Did you know that roses love Colorado? Our mile-high sunshine and low humidity keep the flower colors rich and dense and the foliage less prone to diseases that plague other parts of the country.
And for the record, there’s a reason why the Tagawa logo includes a rose.
For several years before Tagawa’s opened as a retail garden center in 1982, our focus was on growing long-stem roses, the kind available at florist shops. We grew beautiful, fragrant roses! In fact, Colorado was once known for its long-stem roses and cut-flower carnations. Our last crop of long-stem roses was in 1996. Then we switched to being a full-blown garden center and for growing roses, annuals, and other potted flowers right here on the premises for our community. At one time, roses were our lifeblood. And in many ways, roses are still a very big part of what we do.
It’s one of the reasons Tagawa Gardens is known throughout this region as the place to buy roses. We’re beginning this season with 230 varieties… many on display now, with many more to come during the next several weeks. In total, our Rose Department will be offering about 6800 plants, many of them planted and grown to flowering right here at Tagawa’s. Told ya we love roses!
We want to share our love of roses with you, especially if you’ve never grown roses before… or struggled to grow them… and don’t quite know how to begin.
The new champion of our Rose Department
Richard became Tagawa’s new Rose Department Supervisor at the end of last year when Tom retired.
Richard is a college-trained botanist, and he really gets roses. He has just written an excellent new handout titled “You just bought a Tagawa rose bush. Now what?” The handout is free and available in our Rose Department, along with several other rose-focused guides that address topics like “The Basics of Rose Care” and “Spring and Summer Rose Questions.” These are hot off the presses and you’ll find them in-store. You’ll also find many other handouts online in our Garden Library under “Outdoor.”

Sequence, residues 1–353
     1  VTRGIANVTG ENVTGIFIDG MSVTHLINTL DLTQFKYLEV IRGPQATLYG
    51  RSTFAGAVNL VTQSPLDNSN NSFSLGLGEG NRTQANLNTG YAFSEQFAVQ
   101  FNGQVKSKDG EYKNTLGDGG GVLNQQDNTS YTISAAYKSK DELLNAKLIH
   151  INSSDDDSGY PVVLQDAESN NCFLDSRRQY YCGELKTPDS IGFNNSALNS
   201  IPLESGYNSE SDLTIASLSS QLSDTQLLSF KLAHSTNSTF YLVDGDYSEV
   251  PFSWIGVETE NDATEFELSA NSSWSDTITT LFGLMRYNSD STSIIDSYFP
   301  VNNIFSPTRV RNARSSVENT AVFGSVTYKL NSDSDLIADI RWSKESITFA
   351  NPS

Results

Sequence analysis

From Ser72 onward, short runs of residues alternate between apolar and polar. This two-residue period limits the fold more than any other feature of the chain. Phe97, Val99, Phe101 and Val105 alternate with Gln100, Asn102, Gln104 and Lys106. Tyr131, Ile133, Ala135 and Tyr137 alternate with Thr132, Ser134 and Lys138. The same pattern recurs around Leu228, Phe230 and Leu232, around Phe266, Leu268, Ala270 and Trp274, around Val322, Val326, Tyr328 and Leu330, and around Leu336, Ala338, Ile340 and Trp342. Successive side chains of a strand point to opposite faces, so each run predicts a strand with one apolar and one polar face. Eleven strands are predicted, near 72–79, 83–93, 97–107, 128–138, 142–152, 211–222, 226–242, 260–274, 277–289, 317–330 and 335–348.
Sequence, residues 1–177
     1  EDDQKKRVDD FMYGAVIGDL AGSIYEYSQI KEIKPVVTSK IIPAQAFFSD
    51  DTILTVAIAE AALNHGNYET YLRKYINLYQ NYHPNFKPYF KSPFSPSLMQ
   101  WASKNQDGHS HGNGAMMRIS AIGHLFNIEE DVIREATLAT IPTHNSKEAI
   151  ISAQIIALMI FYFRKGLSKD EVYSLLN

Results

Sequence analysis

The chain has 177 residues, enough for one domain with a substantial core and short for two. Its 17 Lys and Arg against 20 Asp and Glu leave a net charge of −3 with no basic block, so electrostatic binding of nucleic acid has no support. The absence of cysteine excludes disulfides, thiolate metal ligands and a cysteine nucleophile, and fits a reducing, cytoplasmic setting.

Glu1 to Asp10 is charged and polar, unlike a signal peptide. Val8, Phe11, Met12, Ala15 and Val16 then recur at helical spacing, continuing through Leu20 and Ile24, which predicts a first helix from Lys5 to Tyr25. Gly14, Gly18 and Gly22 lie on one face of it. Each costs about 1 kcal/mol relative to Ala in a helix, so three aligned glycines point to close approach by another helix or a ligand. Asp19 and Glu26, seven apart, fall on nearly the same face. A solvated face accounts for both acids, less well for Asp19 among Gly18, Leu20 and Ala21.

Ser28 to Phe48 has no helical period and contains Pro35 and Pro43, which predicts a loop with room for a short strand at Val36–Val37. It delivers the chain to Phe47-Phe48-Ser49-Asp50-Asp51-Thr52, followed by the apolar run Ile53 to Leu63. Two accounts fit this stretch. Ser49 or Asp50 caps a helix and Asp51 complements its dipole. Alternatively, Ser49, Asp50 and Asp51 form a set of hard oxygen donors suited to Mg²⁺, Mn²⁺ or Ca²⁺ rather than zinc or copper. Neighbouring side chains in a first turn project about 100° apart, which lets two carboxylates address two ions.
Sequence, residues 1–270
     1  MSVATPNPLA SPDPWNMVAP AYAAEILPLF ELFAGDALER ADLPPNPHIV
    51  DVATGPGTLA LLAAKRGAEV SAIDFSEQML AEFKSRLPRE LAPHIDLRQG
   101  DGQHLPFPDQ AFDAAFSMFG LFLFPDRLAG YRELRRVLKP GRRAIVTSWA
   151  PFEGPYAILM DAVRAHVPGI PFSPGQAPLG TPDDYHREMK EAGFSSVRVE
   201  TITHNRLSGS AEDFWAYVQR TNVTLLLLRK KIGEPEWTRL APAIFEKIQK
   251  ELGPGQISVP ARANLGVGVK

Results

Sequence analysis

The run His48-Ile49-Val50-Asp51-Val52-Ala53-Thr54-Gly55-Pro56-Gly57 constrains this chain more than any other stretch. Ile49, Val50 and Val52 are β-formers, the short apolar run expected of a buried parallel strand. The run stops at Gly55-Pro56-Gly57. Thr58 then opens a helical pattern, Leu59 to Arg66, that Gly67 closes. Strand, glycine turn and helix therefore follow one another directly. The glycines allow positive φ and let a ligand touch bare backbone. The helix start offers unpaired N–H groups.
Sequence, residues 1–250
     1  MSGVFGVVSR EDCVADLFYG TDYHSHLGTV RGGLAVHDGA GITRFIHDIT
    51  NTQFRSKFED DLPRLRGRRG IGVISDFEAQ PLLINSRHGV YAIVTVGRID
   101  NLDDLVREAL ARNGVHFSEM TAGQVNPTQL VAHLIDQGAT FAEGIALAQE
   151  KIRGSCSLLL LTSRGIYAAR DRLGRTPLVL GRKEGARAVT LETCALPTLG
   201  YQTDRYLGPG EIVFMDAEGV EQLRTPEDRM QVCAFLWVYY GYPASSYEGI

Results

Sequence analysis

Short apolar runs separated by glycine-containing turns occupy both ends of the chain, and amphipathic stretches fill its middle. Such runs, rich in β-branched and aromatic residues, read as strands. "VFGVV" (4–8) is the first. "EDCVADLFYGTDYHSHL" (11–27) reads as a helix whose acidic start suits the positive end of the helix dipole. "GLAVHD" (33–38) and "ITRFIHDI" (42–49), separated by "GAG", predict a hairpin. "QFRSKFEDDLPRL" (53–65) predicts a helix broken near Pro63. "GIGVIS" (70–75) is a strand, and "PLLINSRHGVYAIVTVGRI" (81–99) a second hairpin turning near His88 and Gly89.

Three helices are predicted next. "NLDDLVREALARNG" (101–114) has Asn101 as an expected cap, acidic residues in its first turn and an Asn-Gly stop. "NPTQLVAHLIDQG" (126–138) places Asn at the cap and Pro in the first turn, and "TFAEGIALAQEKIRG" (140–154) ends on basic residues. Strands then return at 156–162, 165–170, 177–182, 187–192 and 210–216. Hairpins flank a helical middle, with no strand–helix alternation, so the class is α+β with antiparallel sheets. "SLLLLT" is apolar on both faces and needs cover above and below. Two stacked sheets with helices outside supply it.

I like Richard’s handouts so much…
…that I’m about to quote from them liberally. So if you’re tempted by the idea of growing roses… or just want some refresher tips and tricks on how to succeed with roses in Colorado, here are a few things you should know.
Acclimating or “hardening off”
Anytime you buy a plant that’s been growing and displayed indoors, please don’t just run home and plop it into the ground. It needs time to adjust to its new surroundings and issues like widespread temperature changes, lower humidity, wind, and full sun.
Acclimate your Tagawa roses by taking a full week to introduce them slowly to their new environment. Dappled shade the first day, shielded from the wind, and maybe brought into a very protected area for a night or two, depending on the forecast.
Day by day, slowly introduce more potential challenges… a little more wind… a little more direct sunshine. Never forget to keep your roses well-watered (but never soggy) during this adjustment period.
At the end of the week of hardening off, your roses will have adjusted to their new life and will be almost ready to plant. Hardening off can make a huge difference in how well they establish and grow to be healthy and robust.